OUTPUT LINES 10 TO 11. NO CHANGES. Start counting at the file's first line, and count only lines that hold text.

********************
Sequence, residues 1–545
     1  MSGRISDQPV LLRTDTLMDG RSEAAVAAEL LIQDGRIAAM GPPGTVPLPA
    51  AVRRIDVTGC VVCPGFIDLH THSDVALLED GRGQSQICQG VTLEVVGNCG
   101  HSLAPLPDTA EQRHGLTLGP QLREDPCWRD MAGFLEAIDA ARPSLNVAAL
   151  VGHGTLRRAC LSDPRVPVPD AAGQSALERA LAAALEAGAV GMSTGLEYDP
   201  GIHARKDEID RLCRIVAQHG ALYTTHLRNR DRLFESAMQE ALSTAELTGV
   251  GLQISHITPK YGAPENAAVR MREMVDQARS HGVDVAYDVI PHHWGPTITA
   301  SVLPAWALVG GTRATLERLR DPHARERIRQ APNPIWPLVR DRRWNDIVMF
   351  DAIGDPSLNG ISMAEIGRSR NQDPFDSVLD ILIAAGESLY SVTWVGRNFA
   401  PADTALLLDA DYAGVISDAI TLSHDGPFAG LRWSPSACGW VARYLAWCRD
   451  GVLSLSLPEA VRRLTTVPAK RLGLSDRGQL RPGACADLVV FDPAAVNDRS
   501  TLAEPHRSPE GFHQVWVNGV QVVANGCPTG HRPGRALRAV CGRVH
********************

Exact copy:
   401  PADTALLLDA DYAGVISDAI TLSHDGPFAG LRWSPSACGW VARYLAWCRD
   451  GVLSLSLPEA VRRLTTVPAK RLGLSDRGQL RPGACADLVV FDPAAVNDRS